We will start at 6:00 with lighting of Shabbat and Chanukah candles. Please bring your chanukiah (menorah) and candles so we can create a beautiful light as we sing the blessings and enjoy a variety of latkes. We will supply applesauce and sour cream but we need folks to bring cooked latkes to share. They can be microwaved or warmed in our oven.
At 7:00, we will hear Chanukah stories and sing favorite Chanukah melodies, accompanied by our Friday-night band. There will be dancing and dreidel-spinning also. We hope you can be there!
Jesus wasn’t the first.
Ancient Greek stone carving of Orpheus
Each of us, regardless of our age, has a need to be known, to be remembered, to feel that our lives made a difference and to express our values and our love.
Many of us may have prepared legal wills to distribute our belongings after we die. But few of us have considered leaving a spiritual/ethical will: a record of who we are, a document that can be offered to loved ones either while we are still alive or after we are gone.
Brattleboro Area Hospice invites you to explore and reflect on your legacy in two free events with Claire Willis:
Here is a short excerpt from a reprint of an article written by Jim Sleeper for the Huffington Post. I found it on Alternet.org.
"Once again, we've heard that the gunman was deranged. Once again, we've heard that gun control is imperative. What we aren't hearing is that Americans, for many more years and with greater intensity than inhabitants of other countries, have been groped and goosed and pummeled by a sophisticated, multi-trillion dollar drive to short-circuit deliberation and dialogue in order spur the self-centered impulse buying that is ruining our civil society.
As summer turns to fall, I sometimes look into old traditions to cheer myself up. This year, I discovered Michaelmas. Although it's been forgotten over the years, it was once celebrated by English and Celtic peoples across the British Isles as the big annual harvest festival. We still hold harvest festivals to this day but they can't hold a candle to the harvest fests of yore. Here is a sample of what you might have might have experienced if you had to woken up late in September somewhere north of Liverpool:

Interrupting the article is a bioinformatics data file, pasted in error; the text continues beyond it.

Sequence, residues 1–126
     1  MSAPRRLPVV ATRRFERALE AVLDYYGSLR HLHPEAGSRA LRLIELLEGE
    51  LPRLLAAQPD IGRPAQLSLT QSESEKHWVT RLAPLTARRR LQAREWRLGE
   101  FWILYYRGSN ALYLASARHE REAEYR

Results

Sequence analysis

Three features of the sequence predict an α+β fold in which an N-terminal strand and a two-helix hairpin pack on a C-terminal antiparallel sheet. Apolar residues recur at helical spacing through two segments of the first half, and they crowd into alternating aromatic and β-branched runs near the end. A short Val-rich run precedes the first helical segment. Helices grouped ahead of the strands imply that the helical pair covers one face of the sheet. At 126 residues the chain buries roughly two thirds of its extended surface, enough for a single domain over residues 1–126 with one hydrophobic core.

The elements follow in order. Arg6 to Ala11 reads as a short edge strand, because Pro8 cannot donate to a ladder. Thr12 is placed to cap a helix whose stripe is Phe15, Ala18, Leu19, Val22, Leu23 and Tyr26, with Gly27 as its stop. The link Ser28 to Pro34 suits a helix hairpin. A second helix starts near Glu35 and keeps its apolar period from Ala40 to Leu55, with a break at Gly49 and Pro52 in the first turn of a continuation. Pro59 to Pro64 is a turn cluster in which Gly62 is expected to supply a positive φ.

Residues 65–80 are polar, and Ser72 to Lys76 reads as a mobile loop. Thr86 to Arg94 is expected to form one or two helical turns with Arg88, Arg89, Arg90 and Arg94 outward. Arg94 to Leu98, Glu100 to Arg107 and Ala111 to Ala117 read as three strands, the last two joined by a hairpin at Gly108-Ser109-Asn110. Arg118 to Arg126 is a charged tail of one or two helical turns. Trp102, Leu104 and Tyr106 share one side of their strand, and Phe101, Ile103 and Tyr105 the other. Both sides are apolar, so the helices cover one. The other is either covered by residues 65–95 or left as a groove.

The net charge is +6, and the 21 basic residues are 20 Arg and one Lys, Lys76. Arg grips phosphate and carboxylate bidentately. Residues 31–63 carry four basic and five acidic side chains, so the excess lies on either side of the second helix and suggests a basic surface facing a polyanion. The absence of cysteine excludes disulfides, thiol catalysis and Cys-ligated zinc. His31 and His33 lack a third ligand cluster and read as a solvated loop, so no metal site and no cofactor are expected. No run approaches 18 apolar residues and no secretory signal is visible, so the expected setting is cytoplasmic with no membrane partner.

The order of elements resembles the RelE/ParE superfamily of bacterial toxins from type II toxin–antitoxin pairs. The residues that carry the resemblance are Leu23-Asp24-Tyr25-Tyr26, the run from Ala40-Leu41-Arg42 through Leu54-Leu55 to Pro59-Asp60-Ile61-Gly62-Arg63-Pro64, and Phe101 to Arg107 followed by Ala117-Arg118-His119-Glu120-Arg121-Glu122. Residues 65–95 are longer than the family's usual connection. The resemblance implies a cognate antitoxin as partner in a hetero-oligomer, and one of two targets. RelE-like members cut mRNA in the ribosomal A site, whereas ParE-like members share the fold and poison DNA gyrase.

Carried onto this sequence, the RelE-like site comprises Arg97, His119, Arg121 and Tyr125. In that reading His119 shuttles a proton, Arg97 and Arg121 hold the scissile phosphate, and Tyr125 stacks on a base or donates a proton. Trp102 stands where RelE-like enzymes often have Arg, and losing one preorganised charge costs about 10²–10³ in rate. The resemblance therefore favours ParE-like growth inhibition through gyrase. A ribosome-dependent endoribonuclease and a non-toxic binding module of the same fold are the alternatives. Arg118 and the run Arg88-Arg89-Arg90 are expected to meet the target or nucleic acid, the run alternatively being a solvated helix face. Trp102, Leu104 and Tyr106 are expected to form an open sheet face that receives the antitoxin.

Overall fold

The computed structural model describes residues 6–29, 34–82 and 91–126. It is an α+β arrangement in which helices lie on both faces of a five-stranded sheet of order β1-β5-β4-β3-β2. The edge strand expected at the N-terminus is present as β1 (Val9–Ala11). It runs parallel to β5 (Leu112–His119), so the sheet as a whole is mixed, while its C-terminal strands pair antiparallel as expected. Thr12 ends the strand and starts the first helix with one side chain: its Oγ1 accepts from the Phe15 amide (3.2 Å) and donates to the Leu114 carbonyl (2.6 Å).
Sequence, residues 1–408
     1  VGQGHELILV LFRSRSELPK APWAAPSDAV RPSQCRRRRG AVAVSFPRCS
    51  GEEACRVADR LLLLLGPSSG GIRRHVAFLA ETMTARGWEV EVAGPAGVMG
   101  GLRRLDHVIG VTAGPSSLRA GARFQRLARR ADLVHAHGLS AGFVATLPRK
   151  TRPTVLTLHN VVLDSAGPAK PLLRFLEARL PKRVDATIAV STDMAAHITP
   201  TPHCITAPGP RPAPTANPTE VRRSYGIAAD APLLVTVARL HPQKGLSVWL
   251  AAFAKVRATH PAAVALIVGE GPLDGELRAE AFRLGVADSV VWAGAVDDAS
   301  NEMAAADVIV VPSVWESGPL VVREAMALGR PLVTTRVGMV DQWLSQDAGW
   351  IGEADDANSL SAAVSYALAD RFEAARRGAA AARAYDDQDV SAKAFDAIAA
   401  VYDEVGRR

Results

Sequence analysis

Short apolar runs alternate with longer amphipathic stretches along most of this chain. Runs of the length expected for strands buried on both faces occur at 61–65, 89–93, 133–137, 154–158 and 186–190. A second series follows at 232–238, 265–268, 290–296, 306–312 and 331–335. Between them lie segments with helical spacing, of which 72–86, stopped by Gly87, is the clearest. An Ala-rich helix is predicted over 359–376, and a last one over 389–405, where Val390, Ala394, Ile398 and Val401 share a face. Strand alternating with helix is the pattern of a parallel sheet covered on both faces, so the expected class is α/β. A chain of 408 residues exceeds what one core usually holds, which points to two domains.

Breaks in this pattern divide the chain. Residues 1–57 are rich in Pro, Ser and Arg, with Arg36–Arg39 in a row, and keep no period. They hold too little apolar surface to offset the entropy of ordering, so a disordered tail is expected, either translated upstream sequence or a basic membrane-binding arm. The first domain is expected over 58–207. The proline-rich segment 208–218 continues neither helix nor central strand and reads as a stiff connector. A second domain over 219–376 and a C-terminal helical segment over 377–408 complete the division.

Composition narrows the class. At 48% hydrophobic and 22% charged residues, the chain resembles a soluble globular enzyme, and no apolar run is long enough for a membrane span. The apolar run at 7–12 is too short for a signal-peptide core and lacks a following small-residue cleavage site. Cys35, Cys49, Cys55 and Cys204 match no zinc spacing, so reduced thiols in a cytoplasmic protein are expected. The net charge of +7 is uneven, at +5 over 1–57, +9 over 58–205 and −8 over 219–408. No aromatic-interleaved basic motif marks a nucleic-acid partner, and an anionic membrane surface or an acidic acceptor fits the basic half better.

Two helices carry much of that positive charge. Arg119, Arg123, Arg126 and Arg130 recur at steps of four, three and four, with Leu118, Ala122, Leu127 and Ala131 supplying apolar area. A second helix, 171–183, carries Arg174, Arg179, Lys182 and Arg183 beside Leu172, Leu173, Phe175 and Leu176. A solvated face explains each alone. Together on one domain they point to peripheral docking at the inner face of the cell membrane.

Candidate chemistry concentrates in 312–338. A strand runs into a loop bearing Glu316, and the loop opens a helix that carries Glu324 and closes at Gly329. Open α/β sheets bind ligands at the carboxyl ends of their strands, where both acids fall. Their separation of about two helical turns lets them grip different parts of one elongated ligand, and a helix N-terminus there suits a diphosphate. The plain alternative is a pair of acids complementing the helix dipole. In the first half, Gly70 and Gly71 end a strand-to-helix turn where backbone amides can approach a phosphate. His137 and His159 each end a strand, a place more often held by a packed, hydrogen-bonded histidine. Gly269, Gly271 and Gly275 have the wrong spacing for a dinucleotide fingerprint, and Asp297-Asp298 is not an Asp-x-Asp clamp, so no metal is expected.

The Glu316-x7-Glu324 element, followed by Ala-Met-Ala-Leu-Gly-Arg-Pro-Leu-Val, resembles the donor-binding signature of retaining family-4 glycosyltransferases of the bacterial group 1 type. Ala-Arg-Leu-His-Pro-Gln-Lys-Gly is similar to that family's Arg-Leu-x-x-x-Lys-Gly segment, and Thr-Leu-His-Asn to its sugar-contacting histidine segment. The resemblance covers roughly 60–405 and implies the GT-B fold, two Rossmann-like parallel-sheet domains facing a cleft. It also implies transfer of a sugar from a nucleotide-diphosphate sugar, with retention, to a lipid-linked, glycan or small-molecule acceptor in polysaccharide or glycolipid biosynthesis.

I wanted all my friends and neighbors here in Brattleboro to have a chance to see this. Ruby Sales, of Atlanta GA, gave this sermon Sunday morning August 23, 2015, at St. James Episcopal Church in Keene, NH, the home congregation of Jonathan Daniels, the 26-year-old white seminarian who was shot and killed, taking a shotgun blast in order to save her life, in white supremacist Alabama on August 20, 1965.
The Brattleboro Area Jewish Community (BAJC)‘Synagogue Outdoors’ Project has won a $3000 grant from the Gendler Grapevine Foundation for innovative work to connect community life with their 12 acres of land.
This Gendler Grapevine Grant enables BAJC to add welcoming, interpretive signs, new trails, benches and outdoor gathering spaces for study, prayer, storytelling, meditation and more. The grant builds on the volunteer labor of BAJC members and friends who have already accomplished planting a vegetable garden, a heritage wheat garden, and a small orchard. They have built stairs and opened views that overlook woods and a stream. The trails on the BAJC grounds will be accessible to the general public as the Town of Brattleboro links their own nature trails to the site.
Brattleboro Area Jewish Community (BAJC) in West Brattleboro is proud to announce the ordination of Cantor Kate Judd. Kate was ordained through the Cantor Educator Program (CEP) at Hebrew College in Newton, Massachusetts.
The program at Hebrew College draws on renowned faculty from three Hebrew College schools — the School of Jewish Music, Shoolman Graduate School of Jewish Education and Rabbinical School — as well as resources from Andover Newton Theological School and other member institutions of the Boston Theological Institute. Cantors in the CEP earn a Masters of Jewish Education degree, enabling them to serve congregations as mentors and facilitators and as spiritual leaders who can empower their congregants in study as well as in worship.